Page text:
House Energy & Commerce Committee chairman Fred Upton (R-Mich.) says his committee's trio of FCC reform bills are not about what the FCC has done, but how it has done it.
The bills, which are the subject of a hearing today (April 30) in the Communications subcommittee, would require the commission to list the items that have been approved at the bureau level on delegated authority, to publish the drafts of rulemakings when they are circulated to the other commissioners by the chairman's office before a vote and to publish rules the same day they are voted on.
In his opening statement for this afternoon's hearing, Upton plans to say Congress is not asking the FCC to do anything it doesn't already do itself.
"Our bills are posted publicly, debated publicly, amended publicly and voted publicly," he says. "These bills take meaningful steps toward bringing accountability to a commission comprised of those unaccountable to the electorate.
"Access to commission information and decision makers today is largely a function of proximity to our nation's capital," Upton added. "These proposals will turn that paradigm around and ensure that every American has the access to information that will meaningfully impact any part of their increasingly connected life."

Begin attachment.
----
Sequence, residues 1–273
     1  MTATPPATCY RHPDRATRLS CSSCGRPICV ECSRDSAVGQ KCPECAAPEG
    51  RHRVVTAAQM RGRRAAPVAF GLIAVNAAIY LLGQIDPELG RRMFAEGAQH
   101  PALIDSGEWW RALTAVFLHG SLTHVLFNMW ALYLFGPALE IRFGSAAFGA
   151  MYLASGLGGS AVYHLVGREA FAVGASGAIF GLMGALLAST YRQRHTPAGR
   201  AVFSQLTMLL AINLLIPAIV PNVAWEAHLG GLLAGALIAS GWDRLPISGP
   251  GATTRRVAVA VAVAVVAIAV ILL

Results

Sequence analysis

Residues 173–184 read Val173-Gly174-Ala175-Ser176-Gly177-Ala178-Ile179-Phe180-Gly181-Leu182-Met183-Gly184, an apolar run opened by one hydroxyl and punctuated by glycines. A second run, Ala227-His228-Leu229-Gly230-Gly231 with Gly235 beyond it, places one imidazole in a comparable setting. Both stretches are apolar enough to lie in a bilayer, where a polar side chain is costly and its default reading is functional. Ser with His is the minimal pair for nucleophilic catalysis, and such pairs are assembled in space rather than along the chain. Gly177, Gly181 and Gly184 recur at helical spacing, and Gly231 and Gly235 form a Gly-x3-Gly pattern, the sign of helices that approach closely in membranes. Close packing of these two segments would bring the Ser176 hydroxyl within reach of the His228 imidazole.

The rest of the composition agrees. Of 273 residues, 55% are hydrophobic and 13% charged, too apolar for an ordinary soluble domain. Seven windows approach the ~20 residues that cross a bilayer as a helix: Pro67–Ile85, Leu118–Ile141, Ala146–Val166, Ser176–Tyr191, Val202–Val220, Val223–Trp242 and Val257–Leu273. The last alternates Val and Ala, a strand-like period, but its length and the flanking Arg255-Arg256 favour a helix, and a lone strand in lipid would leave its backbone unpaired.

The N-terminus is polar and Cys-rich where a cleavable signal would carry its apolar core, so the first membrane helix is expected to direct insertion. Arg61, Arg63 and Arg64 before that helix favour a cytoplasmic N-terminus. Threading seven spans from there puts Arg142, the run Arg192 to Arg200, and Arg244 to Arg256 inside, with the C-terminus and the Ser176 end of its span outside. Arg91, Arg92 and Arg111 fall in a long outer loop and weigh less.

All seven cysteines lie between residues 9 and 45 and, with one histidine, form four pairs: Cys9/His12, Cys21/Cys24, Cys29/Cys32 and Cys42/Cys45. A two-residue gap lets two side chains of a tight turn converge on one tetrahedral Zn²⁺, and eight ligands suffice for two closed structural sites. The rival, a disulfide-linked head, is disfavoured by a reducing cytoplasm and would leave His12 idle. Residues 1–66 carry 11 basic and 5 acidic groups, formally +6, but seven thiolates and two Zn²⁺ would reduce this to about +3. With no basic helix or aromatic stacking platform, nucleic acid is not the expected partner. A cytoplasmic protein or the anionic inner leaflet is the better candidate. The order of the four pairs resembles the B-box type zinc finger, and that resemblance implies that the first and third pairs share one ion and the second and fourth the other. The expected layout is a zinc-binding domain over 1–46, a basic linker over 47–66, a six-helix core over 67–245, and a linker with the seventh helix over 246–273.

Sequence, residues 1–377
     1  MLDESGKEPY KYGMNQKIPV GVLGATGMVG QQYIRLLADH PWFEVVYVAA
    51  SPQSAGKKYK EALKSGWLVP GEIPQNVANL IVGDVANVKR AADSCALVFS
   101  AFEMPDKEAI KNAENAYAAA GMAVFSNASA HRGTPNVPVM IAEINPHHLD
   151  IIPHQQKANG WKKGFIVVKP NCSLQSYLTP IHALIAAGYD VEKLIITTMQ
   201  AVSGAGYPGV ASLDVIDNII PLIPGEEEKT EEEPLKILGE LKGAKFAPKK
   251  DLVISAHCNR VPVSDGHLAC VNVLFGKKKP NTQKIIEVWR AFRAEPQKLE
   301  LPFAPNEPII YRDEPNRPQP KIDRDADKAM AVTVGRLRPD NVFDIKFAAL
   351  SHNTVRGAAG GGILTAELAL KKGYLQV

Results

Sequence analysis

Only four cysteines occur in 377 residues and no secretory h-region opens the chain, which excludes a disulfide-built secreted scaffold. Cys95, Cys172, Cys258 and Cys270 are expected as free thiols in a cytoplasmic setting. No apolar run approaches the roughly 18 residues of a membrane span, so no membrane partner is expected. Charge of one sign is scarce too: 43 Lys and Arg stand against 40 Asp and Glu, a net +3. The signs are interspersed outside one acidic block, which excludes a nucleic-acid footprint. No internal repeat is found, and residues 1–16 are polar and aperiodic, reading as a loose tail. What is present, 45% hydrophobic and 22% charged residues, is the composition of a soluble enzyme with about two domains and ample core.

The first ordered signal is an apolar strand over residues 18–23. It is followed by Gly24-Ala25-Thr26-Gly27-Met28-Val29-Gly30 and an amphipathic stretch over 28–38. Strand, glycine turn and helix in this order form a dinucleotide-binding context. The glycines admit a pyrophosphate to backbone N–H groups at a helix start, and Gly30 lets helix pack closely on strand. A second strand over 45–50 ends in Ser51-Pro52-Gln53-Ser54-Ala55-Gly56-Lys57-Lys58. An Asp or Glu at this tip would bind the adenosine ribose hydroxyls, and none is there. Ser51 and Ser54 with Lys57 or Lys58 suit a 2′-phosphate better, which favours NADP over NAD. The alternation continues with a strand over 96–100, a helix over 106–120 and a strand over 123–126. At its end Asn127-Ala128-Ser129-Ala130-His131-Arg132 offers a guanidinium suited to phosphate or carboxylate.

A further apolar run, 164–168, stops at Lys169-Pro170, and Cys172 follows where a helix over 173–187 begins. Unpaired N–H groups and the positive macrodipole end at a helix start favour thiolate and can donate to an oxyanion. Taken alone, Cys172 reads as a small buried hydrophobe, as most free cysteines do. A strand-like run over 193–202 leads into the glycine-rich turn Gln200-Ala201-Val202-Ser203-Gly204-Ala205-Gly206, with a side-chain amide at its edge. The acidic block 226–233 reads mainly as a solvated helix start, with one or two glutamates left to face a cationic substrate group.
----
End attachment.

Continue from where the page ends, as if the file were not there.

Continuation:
Republicans have been pushing process reforms, including quicker turn-arounds of order texts, but the bills were prompted, at least in part, by FCC chairman Tom Wheeler's decision not to publish a draft of the Title II Open Internet order. Wheeler pointed out that it would be unprecedented and said that the decision itself require its own transparency process that could delay providing important open Internet protections where none currently existed.
Congressional Republicans had requested the publication, and were not happy with the chairman's decision.
According to his opening statement for the hearing, Wheeler will point out that he has already undertaken a number of reforms, including "posting the Commission's budget on our website, establishing minimum comment periods, and including draft rules with Notices of Proposed Rulemaking."
He said that suggests internal change, at the discretion of the agency, rather than "blunt legislation," is the best way to reform processes he concedes need reforming.